Sociology, Department of


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Published in Journal of American Indian Education 46:2 (2007), pp. 42-61. Published by Center for Indian Education of the Mary Lou Fulton Institute and Graduate School of Education at Arizona State University.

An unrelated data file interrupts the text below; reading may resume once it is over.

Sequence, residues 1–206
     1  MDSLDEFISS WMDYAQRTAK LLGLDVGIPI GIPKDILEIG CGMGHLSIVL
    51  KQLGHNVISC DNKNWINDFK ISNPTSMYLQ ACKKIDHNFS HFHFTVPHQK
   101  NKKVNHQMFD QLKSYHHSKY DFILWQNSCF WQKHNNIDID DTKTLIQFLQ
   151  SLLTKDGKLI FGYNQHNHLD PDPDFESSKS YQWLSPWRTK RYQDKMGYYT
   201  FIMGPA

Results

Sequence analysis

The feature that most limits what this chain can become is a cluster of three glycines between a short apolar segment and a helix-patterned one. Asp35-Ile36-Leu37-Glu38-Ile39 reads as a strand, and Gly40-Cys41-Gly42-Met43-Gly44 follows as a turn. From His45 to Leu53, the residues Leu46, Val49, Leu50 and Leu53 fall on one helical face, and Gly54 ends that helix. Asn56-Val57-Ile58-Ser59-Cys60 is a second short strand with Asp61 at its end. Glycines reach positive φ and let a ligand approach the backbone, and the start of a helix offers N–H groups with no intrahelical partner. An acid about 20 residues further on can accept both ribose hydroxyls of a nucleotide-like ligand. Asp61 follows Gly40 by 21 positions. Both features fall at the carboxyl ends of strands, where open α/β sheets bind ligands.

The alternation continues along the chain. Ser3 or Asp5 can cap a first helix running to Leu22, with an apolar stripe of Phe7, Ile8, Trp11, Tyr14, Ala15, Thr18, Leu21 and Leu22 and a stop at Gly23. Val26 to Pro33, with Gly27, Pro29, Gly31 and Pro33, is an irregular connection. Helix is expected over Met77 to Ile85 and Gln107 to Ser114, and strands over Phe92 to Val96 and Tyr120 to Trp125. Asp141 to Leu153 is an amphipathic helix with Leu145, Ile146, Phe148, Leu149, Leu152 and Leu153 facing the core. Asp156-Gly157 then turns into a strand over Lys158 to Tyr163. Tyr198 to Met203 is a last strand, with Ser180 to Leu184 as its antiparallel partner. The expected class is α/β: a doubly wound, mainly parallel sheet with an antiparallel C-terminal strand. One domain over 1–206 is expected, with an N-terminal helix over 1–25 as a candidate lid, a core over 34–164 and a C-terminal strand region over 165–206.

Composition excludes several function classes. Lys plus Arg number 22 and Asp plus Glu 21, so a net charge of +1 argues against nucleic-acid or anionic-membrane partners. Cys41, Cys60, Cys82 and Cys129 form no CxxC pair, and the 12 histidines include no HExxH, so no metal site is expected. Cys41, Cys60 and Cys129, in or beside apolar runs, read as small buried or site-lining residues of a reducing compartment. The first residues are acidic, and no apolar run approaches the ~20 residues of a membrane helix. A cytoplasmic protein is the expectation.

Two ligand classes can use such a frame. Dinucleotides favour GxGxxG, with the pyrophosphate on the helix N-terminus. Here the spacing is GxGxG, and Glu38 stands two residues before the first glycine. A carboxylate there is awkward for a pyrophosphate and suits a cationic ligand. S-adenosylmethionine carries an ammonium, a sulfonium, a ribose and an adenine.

This research examined American Indians' recall of cultural inclusion from their elementary through high school education. Sixteen American Indians described their experiences of schools to peer interviewers. Analysis of interviews revealed three themes: the nature of cultural inclusion, factors influencing cultural inclusion, and recommendations for ideal cultural inclusion. Most participants recalled very little cultural inclusion. However, when cultural inclusion was experienced, it could be categorized into five types ("Indian pride," mismatched specific tribal information, negative/ stereotypical, student initiative, and inclusion due to parental, familial, and/or community involvement). Participants' experiences most closely resembled Charleston's (1994) pseudo or quasi Native education. However, some elements of true Native education were also reported. In addition, respondents stressed the important role of teachers in experiencing cultural inclusion. Finally, participants discussed their visions of ideal American Indian education and offered their recommendations. The results are discussed in terms of their implications for American Indian education.

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